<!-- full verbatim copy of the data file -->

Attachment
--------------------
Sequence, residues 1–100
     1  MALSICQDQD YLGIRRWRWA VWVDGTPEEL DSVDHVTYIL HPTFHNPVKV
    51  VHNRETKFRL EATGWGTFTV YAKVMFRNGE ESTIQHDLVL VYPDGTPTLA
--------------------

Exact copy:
Sequence, residues 1–100
     1  MALSICQDQD YLGIRRWRWA VWVDGTPEEL DSVDHVTYIL HPTFHNPVKV
    51  VHNRETKFRL EATGWGTFTV YAKVMFRNGE ESTIQHDLVL VYPDGTPTLA